YouTube music videos may get teens hooked to booze, cigarettes

Posted Feb 3, 2016 by Sravanth Verma
A study examining Youtube music videos from Britain's top 40 chart has questioned whether the high prevalence of alcohol and tobacco consumption in the videos might be a strategy by companies to target teenage audiences.
Beyoncé Knowles performing with husband Jay-Z.
Beyoncé Knowles performing with husband Jay-Z.
Creative Commons
University of Nottingham researchers looked through top music videos over a three-month period in 2013-2014 and found that there were 47 10-second intervals with tobacco content, 233 intervals with alcohol visuals, and six with electronic cigarettes. The researchers then conducted a survey among teenagers and found that 22 percent had watched at least one. They estimate the teens were exposed to 10 tobacco and 52 alcohol visuals in this time period — assuming that they had watched the video just once, which is quite unlikely.
Beyonce's "Drunk in Love" and Pitbull's "Timber" had the highest alcohol content, while Robin Thicke's "Blurred Lines" and Jason Derulo's "Trumpets" featured the most smoking. Alarmingly, girls in the 13-15 years category had a 65 percent higher exposure rate than boys.
"If these levels of exposure were typical, then in 1 year, music videos would be expected to deliver over 4 billion impressions of alcohol, and nearly 1 billion of tobacco, in Britain alone," the researchers write.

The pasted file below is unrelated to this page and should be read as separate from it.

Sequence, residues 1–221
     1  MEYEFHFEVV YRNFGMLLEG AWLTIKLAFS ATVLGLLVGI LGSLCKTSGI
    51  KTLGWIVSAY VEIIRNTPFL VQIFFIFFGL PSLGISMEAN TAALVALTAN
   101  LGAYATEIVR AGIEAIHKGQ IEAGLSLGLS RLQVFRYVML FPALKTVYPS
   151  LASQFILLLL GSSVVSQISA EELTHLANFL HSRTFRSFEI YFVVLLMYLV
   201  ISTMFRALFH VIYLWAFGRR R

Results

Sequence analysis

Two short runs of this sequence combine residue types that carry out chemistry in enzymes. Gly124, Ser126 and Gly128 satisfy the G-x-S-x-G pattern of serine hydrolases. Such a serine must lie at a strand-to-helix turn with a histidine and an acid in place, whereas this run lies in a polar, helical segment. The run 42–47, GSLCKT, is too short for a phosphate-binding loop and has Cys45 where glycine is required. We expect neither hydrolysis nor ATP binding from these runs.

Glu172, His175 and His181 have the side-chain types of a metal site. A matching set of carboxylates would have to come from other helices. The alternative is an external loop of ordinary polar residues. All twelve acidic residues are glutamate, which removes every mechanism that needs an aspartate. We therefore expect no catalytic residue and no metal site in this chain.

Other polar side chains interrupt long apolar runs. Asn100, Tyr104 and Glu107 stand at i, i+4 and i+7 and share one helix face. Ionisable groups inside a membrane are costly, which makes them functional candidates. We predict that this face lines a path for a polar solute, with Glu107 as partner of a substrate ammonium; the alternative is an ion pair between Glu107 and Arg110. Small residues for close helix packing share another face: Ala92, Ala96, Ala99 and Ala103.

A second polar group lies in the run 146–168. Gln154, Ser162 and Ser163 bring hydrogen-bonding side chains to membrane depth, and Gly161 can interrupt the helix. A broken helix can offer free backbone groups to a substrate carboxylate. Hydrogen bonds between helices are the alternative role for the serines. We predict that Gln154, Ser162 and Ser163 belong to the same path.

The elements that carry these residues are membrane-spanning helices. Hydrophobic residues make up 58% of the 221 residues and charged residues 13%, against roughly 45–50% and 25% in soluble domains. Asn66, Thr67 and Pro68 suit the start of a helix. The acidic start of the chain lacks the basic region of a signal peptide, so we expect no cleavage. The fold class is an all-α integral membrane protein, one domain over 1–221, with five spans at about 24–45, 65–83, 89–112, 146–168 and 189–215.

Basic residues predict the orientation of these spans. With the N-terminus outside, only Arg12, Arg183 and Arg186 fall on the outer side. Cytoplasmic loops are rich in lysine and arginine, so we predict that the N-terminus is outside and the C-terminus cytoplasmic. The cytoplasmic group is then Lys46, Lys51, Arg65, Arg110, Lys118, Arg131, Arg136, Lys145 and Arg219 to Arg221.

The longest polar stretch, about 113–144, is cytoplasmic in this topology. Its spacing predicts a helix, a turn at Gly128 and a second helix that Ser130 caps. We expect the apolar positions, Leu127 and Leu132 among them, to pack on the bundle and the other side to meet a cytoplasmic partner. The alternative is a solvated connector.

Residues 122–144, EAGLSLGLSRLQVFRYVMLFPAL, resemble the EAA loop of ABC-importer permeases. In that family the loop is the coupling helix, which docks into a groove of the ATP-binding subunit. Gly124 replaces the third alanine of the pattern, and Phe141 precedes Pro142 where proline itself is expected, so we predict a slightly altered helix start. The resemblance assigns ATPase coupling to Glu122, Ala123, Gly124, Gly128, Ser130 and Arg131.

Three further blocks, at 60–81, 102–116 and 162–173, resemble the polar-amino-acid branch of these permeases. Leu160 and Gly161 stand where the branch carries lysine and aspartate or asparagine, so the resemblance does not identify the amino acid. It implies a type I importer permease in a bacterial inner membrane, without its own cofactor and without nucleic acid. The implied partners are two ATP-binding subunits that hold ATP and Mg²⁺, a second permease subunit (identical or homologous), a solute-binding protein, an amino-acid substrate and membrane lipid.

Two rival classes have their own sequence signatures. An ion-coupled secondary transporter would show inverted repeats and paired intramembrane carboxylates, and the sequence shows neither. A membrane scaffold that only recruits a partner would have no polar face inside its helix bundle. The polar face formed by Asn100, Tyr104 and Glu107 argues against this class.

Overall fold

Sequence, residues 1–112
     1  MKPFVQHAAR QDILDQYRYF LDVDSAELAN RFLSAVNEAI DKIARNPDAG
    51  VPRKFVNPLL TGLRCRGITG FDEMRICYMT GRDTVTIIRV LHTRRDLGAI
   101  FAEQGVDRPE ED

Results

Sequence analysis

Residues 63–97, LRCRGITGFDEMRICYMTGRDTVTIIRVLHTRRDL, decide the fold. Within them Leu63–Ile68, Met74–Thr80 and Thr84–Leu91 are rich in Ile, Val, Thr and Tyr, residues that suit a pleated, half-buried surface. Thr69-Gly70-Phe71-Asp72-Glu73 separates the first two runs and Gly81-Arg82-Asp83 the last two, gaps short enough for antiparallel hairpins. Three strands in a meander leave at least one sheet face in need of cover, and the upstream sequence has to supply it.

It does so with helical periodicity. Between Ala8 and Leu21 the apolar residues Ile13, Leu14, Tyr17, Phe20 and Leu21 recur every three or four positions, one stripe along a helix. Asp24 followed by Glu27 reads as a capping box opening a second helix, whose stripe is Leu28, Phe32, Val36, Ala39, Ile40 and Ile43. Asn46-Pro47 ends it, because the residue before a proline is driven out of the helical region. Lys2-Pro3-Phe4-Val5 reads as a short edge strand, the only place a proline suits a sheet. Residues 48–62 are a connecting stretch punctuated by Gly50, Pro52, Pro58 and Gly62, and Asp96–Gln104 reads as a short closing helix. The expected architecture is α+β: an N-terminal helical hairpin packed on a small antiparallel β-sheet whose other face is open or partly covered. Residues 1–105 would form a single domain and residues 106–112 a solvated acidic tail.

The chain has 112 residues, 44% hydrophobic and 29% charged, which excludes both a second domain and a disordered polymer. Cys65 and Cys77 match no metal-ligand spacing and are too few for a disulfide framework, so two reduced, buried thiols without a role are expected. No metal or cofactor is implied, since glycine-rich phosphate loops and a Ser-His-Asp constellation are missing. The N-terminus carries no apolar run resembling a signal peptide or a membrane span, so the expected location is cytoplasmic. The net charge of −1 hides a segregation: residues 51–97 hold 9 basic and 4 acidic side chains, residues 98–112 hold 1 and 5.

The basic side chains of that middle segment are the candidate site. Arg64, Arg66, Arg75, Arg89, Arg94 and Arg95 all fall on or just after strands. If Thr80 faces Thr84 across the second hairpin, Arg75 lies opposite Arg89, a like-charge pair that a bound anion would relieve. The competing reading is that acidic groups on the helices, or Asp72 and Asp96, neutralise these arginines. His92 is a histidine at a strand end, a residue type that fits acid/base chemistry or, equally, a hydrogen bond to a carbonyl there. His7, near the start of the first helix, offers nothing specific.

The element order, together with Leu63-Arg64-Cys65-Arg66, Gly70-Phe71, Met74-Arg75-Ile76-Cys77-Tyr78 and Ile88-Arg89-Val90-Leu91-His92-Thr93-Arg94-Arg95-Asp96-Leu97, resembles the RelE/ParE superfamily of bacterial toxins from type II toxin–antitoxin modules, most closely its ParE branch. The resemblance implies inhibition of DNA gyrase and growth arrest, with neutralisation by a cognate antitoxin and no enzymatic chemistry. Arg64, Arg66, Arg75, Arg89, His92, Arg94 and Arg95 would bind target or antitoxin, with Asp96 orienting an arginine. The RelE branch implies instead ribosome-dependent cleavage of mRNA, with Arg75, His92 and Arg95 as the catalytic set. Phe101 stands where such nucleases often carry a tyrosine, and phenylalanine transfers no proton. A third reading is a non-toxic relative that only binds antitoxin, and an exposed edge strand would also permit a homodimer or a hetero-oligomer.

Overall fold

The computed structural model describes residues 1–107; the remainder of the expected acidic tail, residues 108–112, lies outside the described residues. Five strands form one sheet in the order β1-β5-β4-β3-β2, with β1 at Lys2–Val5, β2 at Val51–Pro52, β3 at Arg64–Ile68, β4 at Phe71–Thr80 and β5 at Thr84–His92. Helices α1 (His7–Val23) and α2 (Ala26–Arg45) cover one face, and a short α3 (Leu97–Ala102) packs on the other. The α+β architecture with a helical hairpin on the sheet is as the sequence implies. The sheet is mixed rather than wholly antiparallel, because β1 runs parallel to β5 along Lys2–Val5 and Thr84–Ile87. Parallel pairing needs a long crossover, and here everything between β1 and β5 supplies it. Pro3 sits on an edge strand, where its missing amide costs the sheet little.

Researchers have expressed alarm because prior research has clearly indicated that teenagers exposed to alcohol and tobacco are much more likely to take drugs as well. Researchers are questioning whether tobacco and liquor companies might be paying musicians or record labels to include such scenes featuring prominent musicians. While music itself is known to have many health benefits, music videos might be adding a distressing twist to the mix.
Unlike films which are rated based on age-appropriateness, and television, which has restrictions on what can be shown in particular time slots, music videos are unrestricted and easily accessible via YouTube, making them easy targets for companies looking to insert products.
Professor of health policy at Curtin University in Western Australia, Mike Daube, said, "Both the alcohol and tobacco industries are incredibly innovative in finding ways to promote their products, and have a long history of paid product placement. We will probably never know how much product placement has been going on, but it would be amazing if the companies were not behind at least some of it."
The research titled "Adult and adolescent exposure to tobacco and alcohol content in contemporary YouTube music videos in Great Britain: a population estimate" was published in the British Medical Journal in January 2016.